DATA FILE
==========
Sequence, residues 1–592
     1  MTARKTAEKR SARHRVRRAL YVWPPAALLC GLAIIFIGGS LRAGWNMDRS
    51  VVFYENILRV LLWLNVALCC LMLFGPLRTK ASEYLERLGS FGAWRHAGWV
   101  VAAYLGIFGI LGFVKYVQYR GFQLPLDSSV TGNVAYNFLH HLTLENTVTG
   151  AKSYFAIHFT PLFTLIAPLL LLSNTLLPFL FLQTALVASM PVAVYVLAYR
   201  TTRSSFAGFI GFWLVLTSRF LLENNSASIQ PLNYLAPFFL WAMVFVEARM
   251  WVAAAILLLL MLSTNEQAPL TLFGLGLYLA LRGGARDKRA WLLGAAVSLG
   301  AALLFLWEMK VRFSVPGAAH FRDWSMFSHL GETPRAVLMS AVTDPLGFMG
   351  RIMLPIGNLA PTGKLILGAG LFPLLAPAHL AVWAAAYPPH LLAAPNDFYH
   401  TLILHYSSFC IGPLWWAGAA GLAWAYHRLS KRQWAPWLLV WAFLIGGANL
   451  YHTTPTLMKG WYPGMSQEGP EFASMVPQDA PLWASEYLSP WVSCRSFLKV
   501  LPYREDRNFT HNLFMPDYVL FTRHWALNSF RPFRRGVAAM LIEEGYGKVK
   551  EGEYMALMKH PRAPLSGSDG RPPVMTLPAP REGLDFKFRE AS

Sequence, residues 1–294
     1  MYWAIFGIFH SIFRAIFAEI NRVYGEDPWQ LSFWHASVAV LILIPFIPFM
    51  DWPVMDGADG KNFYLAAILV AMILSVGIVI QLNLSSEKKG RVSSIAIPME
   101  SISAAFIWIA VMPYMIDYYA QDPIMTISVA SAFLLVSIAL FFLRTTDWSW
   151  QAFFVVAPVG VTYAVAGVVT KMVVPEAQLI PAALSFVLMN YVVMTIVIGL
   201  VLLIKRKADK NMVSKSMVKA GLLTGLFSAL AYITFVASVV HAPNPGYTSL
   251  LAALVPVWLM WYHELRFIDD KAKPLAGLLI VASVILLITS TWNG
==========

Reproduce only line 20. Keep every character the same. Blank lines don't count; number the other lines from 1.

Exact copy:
   251  LAALVPVWLM WYHELRFIDD KAKPLAGLLI VASVILLITS TWNG